Scott Postma

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Should Christians Observe Lent?

Although I first came to faith in Christ in a non-denominational church, my Christian training was primarily in a Baptist context. Today, I don’t consider myself Baptist (at least not in the same way most contemporary Baptists do). However, I’m thankful for the influence I received at that time and wouldn’t change my experience for anything.

One thing Baptists make clear is they are not Catholics. Many Baptists even hold the idea they are not Protestants, either. Thus, as a Baptist, I was never introduced to the liturgical calendar. That belonged to the Catholics and the Protestants. As far as Baptists are concerned, the liturgical calendar is an extra-biblical observance—somewhat like their “sinner’s prayer” and altar calls—but connected to a works-salvation theology.

It wasn’t until I studied church history apart from the exclusively-Baptist and quite erroneous historical accounts found in works like B.H. Carroll’s, The Trail of Blood, and Orchard’s, The History of Baptists, that I understood what the liturgical calendar was all about.

The Christian calendar is not a biblically-mandated observance that assists in earning one’s salvation. Rather, it is a yearly pattern of observances whereby the church, the body of Christ, can remind itself of the life of Christ in the context of grace, by which we have been saved in Christ Jesus.

The liturgical calendar is a yearly pattern of observances whereby the body of Christ can remind itself of the life of Christ.

As we approach the season of Lent, the question often comes up (as a pastor I get asked about it frequently), whether or not Evangelicals (non-Catholics) should observe Lent. Lent is a season in the Christian liturgical calendar beginning 46 days before Easter Sunday (called Ash Wednesday). In the early church, it started as an expansion of the fasting period required for catechumens (those being prepared for baptism) before they were baptized—usually on Easter.

The 46 days are taken from Mark 1:13 where Jesus fasted and was tempted for 40 days after his baptism. The six extra days account for Sundays on which Christians are not to fast because Sunday is the Lord’s day. The Lord’s day is considered a day of celebration as it was the day of Christ’s resurrection.

 Lent is a 46-day season (40 calendar days plus 6 Sundays) for Christians to fast and repent in anticipation of the Easter Celebration.

So on to the question: Should Evangelical (non-Catholic) believers observe Lent?

Three reasons Christians should consider observing Lent and one reason they should not:

 Lent can serve as an intentional season for believers to seek repentance.

As Christians, we are saved by grace alone, through faith alone, in Christ alone. Period. We have no capacity to change our unregenerate state on our own. When Jesus died and rose again, he did so to redeem all who place their faith in him as Lord and Savior. But salvation is not the end of the Christian’s journey; it’s just the beginning. We are called to a life of sanctification—the work of God to conform us to the image of his Son, Jesus (Romans 8:29 cf. Philippians 2:13).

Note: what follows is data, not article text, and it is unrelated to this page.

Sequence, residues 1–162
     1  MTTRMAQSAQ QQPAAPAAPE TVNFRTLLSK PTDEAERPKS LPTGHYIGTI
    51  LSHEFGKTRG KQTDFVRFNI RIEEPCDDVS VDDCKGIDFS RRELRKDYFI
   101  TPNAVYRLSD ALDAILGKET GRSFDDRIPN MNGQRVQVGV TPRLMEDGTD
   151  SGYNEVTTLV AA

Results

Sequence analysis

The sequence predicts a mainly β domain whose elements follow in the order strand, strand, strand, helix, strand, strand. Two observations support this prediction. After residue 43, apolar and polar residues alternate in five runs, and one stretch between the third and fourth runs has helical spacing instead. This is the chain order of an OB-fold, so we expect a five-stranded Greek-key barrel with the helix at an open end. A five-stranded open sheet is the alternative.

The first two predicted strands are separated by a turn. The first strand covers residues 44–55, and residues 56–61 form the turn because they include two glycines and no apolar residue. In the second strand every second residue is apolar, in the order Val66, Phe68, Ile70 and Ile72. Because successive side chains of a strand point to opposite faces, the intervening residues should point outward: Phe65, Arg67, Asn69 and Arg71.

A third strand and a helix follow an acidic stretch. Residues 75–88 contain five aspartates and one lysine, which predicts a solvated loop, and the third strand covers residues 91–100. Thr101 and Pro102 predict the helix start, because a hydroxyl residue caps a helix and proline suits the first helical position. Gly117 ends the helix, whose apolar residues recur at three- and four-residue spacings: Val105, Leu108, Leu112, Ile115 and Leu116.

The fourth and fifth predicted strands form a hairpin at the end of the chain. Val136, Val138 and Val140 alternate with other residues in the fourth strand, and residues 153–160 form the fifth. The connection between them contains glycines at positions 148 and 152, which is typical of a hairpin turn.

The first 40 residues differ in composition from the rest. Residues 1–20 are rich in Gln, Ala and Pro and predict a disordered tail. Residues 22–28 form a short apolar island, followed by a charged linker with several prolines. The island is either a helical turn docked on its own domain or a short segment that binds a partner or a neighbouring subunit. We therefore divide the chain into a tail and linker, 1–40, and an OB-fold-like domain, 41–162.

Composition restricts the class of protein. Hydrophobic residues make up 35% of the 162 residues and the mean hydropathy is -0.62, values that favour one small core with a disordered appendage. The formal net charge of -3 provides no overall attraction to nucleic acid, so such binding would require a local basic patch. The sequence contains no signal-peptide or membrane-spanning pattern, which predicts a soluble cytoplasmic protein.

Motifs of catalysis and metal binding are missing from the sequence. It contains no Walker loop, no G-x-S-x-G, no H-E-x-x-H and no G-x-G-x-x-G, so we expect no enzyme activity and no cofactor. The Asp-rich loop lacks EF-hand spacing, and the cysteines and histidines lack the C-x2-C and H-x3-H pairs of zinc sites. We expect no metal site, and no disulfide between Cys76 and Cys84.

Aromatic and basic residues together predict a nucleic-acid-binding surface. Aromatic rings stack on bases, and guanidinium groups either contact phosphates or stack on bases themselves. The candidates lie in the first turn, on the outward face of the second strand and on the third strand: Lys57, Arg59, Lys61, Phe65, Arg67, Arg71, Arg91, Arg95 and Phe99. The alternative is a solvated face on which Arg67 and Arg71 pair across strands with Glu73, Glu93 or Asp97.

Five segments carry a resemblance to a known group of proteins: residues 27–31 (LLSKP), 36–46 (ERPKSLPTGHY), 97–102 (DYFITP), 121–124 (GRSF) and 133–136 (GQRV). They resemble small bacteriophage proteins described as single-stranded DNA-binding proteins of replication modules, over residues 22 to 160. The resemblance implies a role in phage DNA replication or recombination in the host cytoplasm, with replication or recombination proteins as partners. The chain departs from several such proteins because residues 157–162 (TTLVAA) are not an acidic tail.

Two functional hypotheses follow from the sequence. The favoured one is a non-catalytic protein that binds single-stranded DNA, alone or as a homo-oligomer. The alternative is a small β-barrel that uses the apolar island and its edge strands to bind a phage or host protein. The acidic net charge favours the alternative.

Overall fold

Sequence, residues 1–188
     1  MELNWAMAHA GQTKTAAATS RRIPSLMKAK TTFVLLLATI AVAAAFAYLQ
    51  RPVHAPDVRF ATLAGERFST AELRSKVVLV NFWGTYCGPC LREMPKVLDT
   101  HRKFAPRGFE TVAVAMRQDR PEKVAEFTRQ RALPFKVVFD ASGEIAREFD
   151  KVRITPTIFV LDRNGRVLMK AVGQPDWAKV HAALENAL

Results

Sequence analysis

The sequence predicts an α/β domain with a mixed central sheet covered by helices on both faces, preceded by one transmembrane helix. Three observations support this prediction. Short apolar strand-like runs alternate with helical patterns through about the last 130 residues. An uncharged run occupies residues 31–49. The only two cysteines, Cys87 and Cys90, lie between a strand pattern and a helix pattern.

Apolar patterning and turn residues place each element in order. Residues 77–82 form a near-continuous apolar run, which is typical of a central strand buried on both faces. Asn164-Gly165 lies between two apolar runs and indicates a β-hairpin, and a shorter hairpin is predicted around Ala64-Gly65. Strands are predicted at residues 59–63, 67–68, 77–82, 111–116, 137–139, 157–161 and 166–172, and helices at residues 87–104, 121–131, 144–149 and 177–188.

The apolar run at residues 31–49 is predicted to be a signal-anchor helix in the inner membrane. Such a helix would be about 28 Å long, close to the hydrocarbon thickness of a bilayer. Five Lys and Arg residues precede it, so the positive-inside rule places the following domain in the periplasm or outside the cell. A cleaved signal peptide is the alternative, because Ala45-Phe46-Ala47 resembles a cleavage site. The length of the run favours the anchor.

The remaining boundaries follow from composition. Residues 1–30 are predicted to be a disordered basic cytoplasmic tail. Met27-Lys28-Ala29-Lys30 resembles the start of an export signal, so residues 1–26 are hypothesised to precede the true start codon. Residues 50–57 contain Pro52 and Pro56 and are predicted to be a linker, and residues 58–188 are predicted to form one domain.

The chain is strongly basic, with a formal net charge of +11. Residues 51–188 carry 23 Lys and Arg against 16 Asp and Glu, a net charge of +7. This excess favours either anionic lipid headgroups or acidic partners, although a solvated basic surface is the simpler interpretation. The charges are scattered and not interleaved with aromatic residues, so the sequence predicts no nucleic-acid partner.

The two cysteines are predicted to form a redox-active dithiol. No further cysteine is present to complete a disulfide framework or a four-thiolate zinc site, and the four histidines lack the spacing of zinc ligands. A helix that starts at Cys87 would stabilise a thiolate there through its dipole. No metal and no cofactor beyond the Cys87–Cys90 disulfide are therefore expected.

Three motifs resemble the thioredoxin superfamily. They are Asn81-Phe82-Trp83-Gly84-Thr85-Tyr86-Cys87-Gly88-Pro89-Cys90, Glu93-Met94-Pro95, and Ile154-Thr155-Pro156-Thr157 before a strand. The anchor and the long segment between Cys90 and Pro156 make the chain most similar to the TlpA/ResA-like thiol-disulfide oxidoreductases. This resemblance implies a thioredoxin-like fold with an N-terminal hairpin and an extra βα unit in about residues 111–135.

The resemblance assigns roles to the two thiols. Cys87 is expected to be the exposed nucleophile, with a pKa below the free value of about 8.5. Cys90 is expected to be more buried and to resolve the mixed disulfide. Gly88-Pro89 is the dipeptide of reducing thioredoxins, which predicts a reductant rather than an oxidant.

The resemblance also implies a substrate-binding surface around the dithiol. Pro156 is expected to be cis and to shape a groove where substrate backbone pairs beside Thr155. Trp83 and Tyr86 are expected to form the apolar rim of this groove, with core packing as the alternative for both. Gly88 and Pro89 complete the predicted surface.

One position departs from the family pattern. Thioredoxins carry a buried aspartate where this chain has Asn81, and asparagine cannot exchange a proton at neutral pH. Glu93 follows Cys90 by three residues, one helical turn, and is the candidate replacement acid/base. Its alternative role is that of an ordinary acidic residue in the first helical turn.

This means the Christian life is a life of repentance.

Repentance is the continual act of confessing (agreeing with God) and thereby turning from our sin and idols to Christ as our redeemer and Lord. Regeneration is God’s work; repentance (also a gift of God) is our responsibility. And there is nothing so refreshing and meaningful in the Christian’s journey as drawing nearer to Jesus during intentional and concentrated times of repentance.

Lent can serve as a time of preparation for deeper worship and a greater time of celebration at Easter.

Just as Sunday, the Lord’s day, is the weekly observance of the victory of our Savior over death and sin, Good Friday and Easter are the times of the Christian year that correspond with the actual dates of Christ’s crucifixion and resurrection.

It is a season marked by joy and celebration in the church. It is a time of rejoicing that King Jesus died and rose victorious over sin and death to redeem sinners and inaugurate the kingdom of God through the New Covenant of his blood. It is a time when the church reflects on the goodness and grace of God poured out to a broken and depraved world.

By sharing (in some fashion e.g. fasting) in the sufferings of Christ during Lent, we may find a greater awakening of our hearts to the majesty of our King and his gracious work on Calvary (Philippians 3:10).

Lent can serve as a testimony to a spiritually dead world, one lost and broken by sin and idols.

The life of a Christian should be characterized by our witness for Christ. The Great Commission was our Lord’s last command and should be our first priority in service. But it’s no secret believers often find it difficult to initiate those socially-awkward conversations that are meant to confront the world with their need of a Savior.

Observing Lent, as a time of intentionally sharing in the sufferings of Christ and repenting of our sins, will likely raise questions about our faith with those in the concentric circles of our life. Co-workers, family member, and neighbors will likely, in some capacity, notice, or at least come into contact with, our revived and intentional focus on Christ and his suffering for us. That’s not to say we use our observance of the season as a tactic to initiate gospel conversations. That’s shallow and manipulative. But I am pretty certain a loving witness will be a natural by-product of a renewed and deeper walk with Christ.